3) You say there's a wide variety of types of inert aether spread all over the world, constantly interacting, like reactive gasses in our world. In our world, reactive gasses will eventually stop reacting, reach equilibrium and homogenize (otherwise, you'd have free/unlimited energy). What prevents this from occuring in the aether?

That our atmosphere is a closed system, but the ""aethersphere"" isn't: it's constantly being drained by magicians, and at the same rate, ethereal beings with no body do the opposite, they convert energy into several types of aether. It's cyclical, and conserves motion and heterogeneity.

Observer wrote:
4) You say you can't turn all of your mana pool into energy, just a portion of it. Why?

It's a biological limitation (not a physical one, more like a spiritual one). You can cast spells, or the same spell multiple times, until you are out of mana, but what you cannot do is use all of your mana in one spell to achieve an incredible amount of energy. This happens because of two reasons: firstly, the spell has its own maximum (it has one definite effect and not another, or it would be a different spell); and secondly, you do. Normally you can't achieve this maximum effect described because you require training, to become more powerful. If you have enough spell power, however, you can cast the spell at its maximum.

Observer wrote:
5) You define evil as "who seeks chaos," and presumably good as "who seeks order." You're creating this magic system outside any specific conworld, but if chaos is evil and order is good, that implies something for the conworld; a lack of entropy. Have you thought about this?


Why? I know the physical universe tends towards entropy, but reality is dual here: the spiritual world, whose main property is consciousness, contains sentient minds with the ability for both, seek chaos or order. One thing is what the physical universe does and a different things is what sentient beings do.

That order is the good thing doesn't imply it's "what nature prefers". Nature is indifferent, both are in constant fight and they can win at different times. It's not a "good boys must win". In fact, gods exist, and they're morally capable of both good and evil, with generally no real rational preference. (angelic is not related to godly - note how I avoid the adjective "divine", because of its positive connotations).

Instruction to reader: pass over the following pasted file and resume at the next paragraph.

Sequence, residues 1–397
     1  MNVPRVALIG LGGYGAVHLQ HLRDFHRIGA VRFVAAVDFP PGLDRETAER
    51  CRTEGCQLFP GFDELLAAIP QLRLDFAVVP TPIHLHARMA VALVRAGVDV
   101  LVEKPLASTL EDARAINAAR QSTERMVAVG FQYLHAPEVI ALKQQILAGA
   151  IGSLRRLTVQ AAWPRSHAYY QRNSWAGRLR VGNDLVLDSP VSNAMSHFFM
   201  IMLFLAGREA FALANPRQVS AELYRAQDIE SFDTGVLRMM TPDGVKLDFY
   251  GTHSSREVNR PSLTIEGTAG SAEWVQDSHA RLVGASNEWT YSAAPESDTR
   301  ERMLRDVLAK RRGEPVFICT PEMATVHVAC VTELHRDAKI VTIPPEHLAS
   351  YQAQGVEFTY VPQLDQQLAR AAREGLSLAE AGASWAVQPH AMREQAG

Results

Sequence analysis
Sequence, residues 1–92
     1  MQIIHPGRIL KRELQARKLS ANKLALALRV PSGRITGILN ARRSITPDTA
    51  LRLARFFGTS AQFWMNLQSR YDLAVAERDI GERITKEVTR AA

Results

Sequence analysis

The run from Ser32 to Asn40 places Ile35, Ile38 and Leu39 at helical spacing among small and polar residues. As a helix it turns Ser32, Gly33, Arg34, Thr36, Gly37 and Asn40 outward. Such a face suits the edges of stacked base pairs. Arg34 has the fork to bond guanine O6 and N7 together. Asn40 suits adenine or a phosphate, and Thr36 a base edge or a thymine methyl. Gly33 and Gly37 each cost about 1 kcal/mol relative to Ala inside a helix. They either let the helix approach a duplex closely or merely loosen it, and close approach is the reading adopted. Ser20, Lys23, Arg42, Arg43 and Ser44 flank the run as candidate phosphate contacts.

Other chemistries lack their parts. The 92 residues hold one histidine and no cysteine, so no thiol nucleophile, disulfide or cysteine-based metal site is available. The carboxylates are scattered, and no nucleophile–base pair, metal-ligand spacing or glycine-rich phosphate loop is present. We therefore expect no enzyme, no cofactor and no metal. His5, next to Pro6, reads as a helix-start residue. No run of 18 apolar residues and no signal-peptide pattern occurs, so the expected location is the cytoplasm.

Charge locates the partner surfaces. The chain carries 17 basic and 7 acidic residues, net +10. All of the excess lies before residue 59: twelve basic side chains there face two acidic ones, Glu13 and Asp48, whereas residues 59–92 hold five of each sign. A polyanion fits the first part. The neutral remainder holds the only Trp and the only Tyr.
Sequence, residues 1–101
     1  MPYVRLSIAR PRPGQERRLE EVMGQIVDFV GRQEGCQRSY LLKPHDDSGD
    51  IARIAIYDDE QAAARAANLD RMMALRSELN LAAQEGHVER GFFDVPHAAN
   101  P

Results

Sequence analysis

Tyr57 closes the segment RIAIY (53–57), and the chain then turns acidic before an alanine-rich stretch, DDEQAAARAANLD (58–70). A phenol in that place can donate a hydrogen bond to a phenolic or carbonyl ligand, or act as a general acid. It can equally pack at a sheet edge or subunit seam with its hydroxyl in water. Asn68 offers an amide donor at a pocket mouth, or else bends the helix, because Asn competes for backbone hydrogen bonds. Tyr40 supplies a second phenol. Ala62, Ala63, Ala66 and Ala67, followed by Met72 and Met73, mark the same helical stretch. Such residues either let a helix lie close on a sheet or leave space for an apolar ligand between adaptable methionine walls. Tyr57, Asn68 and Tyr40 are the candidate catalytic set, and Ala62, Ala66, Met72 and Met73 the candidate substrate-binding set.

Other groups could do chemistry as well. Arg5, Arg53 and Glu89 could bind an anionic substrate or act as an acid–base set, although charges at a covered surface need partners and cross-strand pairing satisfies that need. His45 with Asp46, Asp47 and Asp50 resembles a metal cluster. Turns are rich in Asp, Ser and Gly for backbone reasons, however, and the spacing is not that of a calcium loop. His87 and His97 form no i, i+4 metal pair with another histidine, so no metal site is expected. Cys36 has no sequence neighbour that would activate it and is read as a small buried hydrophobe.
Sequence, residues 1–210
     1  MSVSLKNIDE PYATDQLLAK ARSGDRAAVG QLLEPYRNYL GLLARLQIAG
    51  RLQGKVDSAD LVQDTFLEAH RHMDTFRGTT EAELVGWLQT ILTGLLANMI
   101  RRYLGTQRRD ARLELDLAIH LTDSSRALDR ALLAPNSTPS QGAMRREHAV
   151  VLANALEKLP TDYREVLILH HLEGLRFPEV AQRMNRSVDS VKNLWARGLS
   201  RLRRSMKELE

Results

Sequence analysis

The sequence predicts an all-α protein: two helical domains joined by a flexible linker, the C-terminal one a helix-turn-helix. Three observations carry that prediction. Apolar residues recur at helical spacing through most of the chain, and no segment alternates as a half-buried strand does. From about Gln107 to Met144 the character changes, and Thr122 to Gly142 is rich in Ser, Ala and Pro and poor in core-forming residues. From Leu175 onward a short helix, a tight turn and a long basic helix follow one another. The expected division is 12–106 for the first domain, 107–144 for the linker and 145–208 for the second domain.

Observer wrote:
6) Could I use water magic to a) create water inside someone's lungs or b) violently force all water out of a person's body?


If you discover the mind state which causes those spells, then sure, why not. Invoking water in a specific part of someone's body should be an easy task. Manipulating already-existent water, in the microscopic level, would be much harder.

Observer wrote:
7) I don't understand why fire and water are considered "pure elements" and wind and earth "natural." Can you try to explain the difference between "pure" and "natural?"


Elemental magic describes the elements of the world. Then you can break it into natural magic (nature, wind, earth) and elemental magic (fire, water). Since I consider earth and wind parts of natural magic (here take natural as biological, or relating to life, mainly), the other elements are called pure just for the sake of distinction (and that they're less related to life). But however, I'm aware wind doesn't have much to do with life and water is probably quite important. In this sense, I should probably explain it better because of the relationship between their aethers, take I speak about the types of magic merely. Why wind magic has more in common with natural magic than water magic is something probably related to the mind states, and not easily explainable.

Observer wrote:
8) How do males and females have "signs" and why are they + and - respectively?

Again, like chaos and order, these are properties inherent to the universe. The individual assignment of signs is not important, just the contrast and the relationships between same-sign and opposite-sign (for example think of why in our own universe we have electrical charges + and -).

As for males and females, well, don't take it too seriously, but the reason is that males seem to be slightly better at positively-charged magics (fire, earth, holy) and women at negatively-charged magics (frost, wind, shadow). Since the inherent sexual dimorphism in the human species makes us have slightly different brains, we can expect a slight difference in how mental states adequate for spells are reached.

Observer wrote:
9) If fire magic is easy, is it used technologically, to heat homes and power steam engines?

Easy among wizards, but to handle them you have to have some education in magic. And magic is not easy.

To answer this, I'd need to have a particular conworld in mind, but I don't. I guess it depends on what wizards are in a particular society. I haven't really thought about using magic for technology, because that's not a topic which interests me much, but I guess you can use a good fire spell to light a fireplace :wink: .